26 JULY 1968, Page 30

Free trade is not enough

Sir: Mr Jock Bruce-Gardyne (12 July) is, as always, cogent and convincing on the achieve- ments and the limitations of the ten-year-old Brussels Community. I would recommend him particularly for his sensible and measured com- ment on its political frustration—and de Gaulle's responsibility for that frustration.

Specifically with regard to Britain's bid(s) for membership of the EEC. I want, however, to suggest that (as was argued impressively by Mr Stanley Henig, Labour hiP for Lancaster, in a turn-over article in The Times of 26 June) in present circumstances the only realistic—and viable—policy for the British government is to get off its high horse and embark, with French collaboration—which, I suggest, will not be denied—on negotiations for an arrangement for economic association with the Community on the basis of Article 238 of the Rome Treaty (and not 237).

Because of a characteristic failure to appre- ciate what speaking European involves, the makers of British policy have been conducting a sort of cavalry charge to 'get into Europe' by the Brussels gateway—and have consistently miscalculated. It never made sense to rely on the 'friendly Five' to break down French opposition to Britain's full membership of the EEC at present.

Nor is it possible, as you, sir—and Mr Bruce- Gardyne—will no doubt agree, for a European policy to exist at all which does not have France as the main arch and Britain as buttress. The whole issue has been bedeviled for us in Britain by the emotive factor of resentment against General de Gaulle personally and mis- understanding of French policy. The General is primarily concerned with the changed Europe-America relationship, now that the bipolarity of the 'cold war' period of the 'fifties is a thing of the past; and French policy can be summarily described as one of adapting to the new political and strategic realities. The General who a sa facon is, in my view, as good a European as anyone, has, we know, his vision of a European political union based on the organised cooperation of the states. What he has been saying for years is simply that, like it or not, we are stDI living in a world of national states; that political take precedence over economic factors; that politics includes defence —which cannot be kept in a separate 'Atlantic' compartment: and that therefore, if Britain is to join in the undertaking she must first cut loose from any exclusive 'special relationship' with the United States, specifically in monetary and nuclear power policies.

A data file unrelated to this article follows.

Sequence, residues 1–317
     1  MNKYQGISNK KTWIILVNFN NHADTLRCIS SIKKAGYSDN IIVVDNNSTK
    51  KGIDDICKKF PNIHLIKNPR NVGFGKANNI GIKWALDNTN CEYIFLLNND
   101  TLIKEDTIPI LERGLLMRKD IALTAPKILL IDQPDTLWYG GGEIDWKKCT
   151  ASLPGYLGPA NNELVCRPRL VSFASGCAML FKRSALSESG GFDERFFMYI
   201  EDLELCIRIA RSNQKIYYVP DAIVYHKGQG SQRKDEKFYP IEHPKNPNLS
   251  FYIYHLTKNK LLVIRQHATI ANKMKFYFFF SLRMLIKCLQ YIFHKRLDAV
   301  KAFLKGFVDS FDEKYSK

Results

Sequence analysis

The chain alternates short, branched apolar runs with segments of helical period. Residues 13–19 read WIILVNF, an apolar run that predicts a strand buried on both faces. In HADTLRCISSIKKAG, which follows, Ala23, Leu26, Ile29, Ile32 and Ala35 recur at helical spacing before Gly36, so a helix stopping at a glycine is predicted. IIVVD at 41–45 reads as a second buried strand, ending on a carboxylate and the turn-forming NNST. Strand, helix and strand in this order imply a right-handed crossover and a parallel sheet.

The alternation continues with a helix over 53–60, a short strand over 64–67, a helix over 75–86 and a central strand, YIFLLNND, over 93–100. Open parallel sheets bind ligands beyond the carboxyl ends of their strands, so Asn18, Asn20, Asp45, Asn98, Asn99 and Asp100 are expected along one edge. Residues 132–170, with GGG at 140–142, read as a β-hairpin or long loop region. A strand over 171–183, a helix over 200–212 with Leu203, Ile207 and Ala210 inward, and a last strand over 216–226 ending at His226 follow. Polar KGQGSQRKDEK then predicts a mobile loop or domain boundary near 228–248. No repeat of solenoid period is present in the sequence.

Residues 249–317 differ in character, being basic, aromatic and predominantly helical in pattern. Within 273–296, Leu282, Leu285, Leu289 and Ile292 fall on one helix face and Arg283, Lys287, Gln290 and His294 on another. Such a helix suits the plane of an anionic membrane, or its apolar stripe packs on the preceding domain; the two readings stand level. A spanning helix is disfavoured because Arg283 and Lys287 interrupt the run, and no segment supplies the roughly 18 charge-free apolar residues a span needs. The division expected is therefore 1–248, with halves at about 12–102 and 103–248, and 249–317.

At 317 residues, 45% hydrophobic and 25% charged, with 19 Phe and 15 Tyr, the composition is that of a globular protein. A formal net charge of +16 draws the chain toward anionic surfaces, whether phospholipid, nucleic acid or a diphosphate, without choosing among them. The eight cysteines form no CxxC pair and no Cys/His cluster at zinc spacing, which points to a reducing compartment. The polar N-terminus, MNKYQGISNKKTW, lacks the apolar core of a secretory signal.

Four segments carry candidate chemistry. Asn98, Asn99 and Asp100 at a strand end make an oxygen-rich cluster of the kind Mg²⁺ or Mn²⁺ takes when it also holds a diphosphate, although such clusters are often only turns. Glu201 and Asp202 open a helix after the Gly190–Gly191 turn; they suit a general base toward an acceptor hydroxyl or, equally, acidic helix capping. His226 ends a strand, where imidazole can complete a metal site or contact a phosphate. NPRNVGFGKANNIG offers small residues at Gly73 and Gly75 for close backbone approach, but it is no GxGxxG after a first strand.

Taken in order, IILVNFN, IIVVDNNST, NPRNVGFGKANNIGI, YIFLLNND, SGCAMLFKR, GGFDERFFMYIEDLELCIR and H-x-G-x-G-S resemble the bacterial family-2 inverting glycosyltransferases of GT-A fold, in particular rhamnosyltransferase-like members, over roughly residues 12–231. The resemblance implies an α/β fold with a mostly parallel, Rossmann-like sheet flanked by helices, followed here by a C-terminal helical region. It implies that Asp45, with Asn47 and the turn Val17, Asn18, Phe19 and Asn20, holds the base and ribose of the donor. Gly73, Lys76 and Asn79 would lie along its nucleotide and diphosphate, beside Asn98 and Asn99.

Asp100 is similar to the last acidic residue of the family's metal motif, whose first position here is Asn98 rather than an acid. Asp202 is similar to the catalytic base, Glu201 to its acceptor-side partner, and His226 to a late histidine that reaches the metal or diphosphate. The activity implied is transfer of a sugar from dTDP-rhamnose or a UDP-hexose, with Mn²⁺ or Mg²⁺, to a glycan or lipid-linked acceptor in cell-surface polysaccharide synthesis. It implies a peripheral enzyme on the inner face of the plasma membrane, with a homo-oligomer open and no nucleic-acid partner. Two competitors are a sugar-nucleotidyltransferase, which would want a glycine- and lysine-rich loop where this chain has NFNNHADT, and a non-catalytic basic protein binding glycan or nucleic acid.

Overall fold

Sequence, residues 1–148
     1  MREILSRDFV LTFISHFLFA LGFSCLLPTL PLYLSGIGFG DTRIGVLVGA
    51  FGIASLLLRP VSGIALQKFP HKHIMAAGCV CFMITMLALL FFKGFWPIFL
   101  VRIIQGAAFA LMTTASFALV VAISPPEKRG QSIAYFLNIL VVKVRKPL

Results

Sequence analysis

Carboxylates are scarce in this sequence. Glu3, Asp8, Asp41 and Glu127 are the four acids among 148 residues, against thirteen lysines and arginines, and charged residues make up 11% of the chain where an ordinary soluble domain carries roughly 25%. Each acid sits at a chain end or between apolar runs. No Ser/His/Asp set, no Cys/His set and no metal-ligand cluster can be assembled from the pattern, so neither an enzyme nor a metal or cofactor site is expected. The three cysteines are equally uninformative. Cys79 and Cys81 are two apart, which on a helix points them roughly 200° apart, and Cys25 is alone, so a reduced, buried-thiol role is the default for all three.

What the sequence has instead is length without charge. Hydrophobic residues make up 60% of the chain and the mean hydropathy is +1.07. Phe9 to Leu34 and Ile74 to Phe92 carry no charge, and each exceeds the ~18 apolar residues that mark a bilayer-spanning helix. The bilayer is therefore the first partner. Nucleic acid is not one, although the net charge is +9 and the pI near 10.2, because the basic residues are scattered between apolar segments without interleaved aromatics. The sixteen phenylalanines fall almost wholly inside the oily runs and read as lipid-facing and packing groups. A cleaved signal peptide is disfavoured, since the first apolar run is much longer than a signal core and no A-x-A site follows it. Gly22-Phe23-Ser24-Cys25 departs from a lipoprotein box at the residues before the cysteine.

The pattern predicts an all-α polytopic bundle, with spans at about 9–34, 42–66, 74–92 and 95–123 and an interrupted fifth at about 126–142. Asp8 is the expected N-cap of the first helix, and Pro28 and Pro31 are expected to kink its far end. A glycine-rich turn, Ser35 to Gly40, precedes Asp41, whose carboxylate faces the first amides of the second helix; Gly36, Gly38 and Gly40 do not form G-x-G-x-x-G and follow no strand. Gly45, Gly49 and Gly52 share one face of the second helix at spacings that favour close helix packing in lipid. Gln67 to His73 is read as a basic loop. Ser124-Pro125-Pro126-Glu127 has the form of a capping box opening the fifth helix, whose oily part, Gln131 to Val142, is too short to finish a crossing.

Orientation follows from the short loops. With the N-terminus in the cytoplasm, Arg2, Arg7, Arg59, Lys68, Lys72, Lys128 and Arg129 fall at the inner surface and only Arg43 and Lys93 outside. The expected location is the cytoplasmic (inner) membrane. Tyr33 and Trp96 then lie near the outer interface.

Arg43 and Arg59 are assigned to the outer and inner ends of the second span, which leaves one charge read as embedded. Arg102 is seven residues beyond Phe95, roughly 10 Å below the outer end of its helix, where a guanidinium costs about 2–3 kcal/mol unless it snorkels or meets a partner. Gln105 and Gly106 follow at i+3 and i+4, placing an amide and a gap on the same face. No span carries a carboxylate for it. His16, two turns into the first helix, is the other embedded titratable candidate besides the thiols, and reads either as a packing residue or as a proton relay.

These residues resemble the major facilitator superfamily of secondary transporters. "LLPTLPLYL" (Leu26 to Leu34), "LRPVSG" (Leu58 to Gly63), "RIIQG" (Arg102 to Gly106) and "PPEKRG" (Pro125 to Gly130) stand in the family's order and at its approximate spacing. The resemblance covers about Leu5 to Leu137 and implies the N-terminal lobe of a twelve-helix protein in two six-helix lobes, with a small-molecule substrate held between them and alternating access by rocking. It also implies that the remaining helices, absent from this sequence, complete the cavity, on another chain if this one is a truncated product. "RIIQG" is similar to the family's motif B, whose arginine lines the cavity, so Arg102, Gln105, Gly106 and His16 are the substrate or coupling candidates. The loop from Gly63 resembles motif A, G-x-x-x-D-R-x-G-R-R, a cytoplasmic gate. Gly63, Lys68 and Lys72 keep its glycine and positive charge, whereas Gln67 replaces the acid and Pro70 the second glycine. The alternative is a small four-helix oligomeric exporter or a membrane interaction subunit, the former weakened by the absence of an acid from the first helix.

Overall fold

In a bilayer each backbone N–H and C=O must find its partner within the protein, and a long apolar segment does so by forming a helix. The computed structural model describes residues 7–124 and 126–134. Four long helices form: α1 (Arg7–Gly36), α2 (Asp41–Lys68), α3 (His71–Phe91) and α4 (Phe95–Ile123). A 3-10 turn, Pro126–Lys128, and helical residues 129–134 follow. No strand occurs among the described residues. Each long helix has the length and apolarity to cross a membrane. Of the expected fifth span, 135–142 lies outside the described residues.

For saying these things in my book Speaking European, i.e. that some kind of association with the Brussels Community (in common, no doubt, with other members of EFTA) together with Anglo-French partnership in politics, economics and defence were the 'only practical possibilities for the immediate future, I was severely taken to task by my 'European' friends: now we see that yesterday's heresy becomes today's truth.